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Maher: Racism behind Tea Party hypocrisy on Obama, Bush deficits

I’m shocked!  Shocked I tell you.  Who would have thought it?

Raw Story

HBO host Bill Maher ventured into the lion’s den this week, sitting down for a two part interview with Fox News host Bill O’Reilly. During the first several minutes of the opening night’s segment, however, O’Reilly seemed to get all the good lines, while Maher’s responses appeared surprisingly tepid.

It’s possible, of course, that Fox News had edited down the interview the same way they did Jon Stewart’s appearance on The O’Reilly Factor. As Mediaite reported last week, “The jovial exchange lacked any real body blows to declare a ‘winner.’ … Well, thanks to the folks at Fox News, the entire unedited version of the interview is available, and it turns out that much of the un-aired portion included the most pointed commentary by Mr. Stewart.”

As shown by Fox, O’Reilly began by asking Maher, “Why do you think President Obama’s having so much trouble in the job approval polls?”

Maher initially responded that “there’s a lot of disinformation out there” and that the Democrats simply “do not brag about their accomplishments.” But when O’Reilly persisted in asking whether perceptions of President Obama were also a factor, he finally acknowledged, “Obviously, people think he’s a little bloodless.”

“I happen to like that in a president,” Maher insisted stoutly. “I like a president that uses his brain and not his heart or his gut as the former president did.” He then went on to suggest that a lot of the apparent dissatisfaction with Obama’s performance on the economy might be racially motivated.

At that point O’Reilly interrupted him to say, “You’re on that bandwagon that if you don’t like him, you’re a racist?”

“Oh, so you don’t think it’s racially involved at all?” Maher retorted. “The tea baggers — they’re the ones who are so upset about the debt. Most of the debt came from Bush. That’s just a fact. And under Bush, Cheney said it, ‘Deficits don’t matter.’ Nobody was angry about the deficits when it was President Bush.”

“Because they didn’t know about them,” O’Reilly asserted. “President Obama has spent more money … He’s the biggest-spending president in the history of the republic, Maher. You’ve got to know that, man.”

“That’s not a true statement,” Maher insisted. “Bush was the biggest spender.”

“No, Obama’s budget is bigger than Bush’s budget!” O’Reilly exclaimed. “And I’m not any better off, and the economy’s not any better off. So it’s all a waste. He’s not doin’ it. … That’s what’s inside many Americans’ brains.”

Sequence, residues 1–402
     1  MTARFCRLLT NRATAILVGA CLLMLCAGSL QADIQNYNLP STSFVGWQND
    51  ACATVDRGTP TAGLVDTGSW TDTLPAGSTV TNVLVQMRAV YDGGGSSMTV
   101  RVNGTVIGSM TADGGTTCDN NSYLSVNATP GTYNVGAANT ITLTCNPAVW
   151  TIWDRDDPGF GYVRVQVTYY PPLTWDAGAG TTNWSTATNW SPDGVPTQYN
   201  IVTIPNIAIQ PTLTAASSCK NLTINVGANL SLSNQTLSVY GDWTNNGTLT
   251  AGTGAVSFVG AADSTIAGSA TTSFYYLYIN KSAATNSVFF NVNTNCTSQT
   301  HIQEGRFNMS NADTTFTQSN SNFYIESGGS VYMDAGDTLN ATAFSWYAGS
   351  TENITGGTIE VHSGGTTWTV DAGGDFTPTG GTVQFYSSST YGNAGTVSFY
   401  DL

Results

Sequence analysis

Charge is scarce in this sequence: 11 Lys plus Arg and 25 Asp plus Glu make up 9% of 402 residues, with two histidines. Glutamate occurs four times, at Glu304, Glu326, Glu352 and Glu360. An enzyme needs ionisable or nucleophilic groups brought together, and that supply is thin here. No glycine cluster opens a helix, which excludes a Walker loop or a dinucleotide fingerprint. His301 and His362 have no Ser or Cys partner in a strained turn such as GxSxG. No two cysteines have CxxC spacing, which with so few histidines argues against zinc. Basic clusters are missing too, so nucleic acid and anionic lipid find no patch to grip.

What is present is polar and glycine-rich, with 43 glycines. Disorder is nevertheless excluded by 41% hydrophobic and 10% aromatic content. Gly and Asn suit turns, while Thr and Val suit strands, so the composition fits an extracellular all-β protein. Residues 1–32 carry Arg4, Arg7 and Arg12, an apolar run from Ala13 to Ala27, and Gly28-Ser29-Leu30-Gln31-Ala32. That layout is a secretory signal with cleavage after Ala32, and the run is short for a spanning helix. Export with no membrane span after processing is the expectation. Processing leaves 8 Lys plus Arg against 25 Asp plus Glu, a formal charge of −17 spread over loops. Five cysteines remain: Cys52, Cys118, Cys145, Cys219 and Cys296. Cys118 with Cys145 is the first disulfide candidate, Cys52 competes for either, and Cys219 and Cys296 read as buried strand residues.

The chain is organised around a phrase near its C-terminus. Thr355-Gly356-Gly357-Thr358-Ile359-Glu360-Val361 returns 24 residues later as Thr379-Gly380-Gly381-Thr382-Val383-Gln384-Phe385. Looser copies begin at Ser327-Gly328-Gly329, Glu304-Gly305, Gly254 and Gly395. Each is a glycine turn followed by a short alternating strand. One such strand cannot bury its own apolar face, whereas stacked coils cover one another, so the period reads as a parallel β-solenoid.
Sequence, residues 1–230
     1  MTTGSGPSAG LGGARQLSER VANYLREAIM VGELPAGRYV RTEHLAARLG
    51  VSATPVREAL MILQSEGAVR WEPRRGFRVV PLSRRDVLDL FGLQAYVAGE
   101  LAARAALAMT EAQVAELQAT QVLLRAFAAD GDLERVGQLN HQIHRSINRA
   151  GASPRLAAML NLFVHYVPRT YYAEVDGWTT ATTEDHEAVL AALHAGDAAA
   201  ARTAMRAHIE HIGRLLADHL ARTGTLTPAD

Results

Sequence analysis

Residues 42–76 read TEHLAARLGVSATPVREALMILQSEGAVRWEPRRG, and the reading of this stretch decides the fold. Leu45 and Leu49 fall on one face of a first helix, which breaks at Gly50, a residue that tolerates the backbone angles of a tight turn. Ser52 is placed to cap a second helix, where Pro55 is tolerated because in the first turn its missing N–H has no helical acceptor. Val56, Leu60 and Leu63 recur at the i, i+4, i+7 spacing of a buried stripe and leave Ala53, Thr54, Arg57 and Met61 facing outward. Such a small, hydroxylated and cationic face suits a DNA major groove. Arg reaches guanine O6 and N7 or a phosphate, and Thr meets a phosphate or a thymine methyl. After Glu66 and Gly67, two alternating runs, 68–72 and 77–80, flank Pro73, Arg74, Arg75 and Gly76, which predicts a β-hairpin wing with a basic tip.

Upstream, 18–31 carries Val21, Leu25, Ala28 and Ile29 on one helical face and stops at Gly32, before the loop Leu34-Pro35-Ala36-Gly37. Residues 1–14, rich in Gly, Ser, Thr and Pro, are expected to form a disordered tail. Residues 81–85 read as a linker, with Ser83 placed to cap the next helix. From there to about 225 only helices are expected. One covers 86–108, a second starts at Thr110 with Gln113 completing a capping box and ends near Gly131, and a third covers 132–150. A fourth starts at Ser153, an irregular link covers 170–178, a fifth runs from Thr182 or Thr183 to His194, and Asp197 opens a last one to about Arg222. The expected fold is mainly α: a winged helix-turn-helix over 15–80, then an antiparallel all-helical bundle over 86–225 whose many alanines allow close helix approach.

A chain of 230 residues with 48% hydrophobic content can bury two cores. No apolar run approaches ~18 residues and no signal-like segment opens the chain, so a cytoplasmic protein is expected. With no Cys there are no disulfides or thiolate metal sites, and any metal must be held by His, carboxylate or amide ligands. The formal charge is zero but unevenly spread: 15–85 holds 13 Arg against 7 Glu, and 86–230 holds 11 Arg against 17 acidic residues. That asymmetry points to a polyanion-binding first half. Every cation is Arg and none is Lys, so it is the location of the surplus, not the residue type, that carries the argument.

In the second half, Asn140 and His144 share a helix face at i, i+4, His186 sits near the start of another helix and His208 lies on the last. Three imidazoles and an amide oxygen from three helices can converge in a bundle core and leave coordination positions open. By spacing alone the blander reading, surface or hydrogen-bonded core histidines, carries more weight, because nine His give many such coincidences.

To some degree, both men were right. Obama’s current budgets are without dispute the largest in history — but Bush’s wars and tax cuts ran up the national debt enormously during his eight years as president and continue to provide the greatest portion of Obama’s own deficits. Last June, the Center on Budget and Priority Policies argued:

Some critics continue to assert that President George W. Bush’s policies bear little responsibility for the deficits the nation faces over the coming decade — that, instead, the new policies of President Barack Obama and the 111th Congress are to blame. … Nevertheless, the fact remains: Together with the economic downturn, the Bush tax cuts and the wars in Afghanistan and Iraq explain virtually the entire deficit over the next ten years.

The deficit for fiscal year 2009 was $1.4 trillion and, at nearly 10 percent of Gross Domestic Product (GDP), was the largest deficit relative to the size of the economy since the end of World War II. … The events and policies that have pushed deficits to these high levels in the near term, however, were largely outside the new Administration’s control.

“The reality of the situation is … we have him on the rocks now,” O’Reilly said of Obama. “He’s going to lose the House, probably, maybe lose the Senate. Therefore, he’s going to lose his power except for veto. And there’s a reason why. It’s not that Americans are racists. … It’s that they want, after almost two years, some improvement — and we haven’t seen it.”

“We’ve seen a lot of improvement,” Maher responded. “We’ve stopped torturing people. We can have stem cell research again. … People can’t be thrown out of a hospital”.        Continue reading… 

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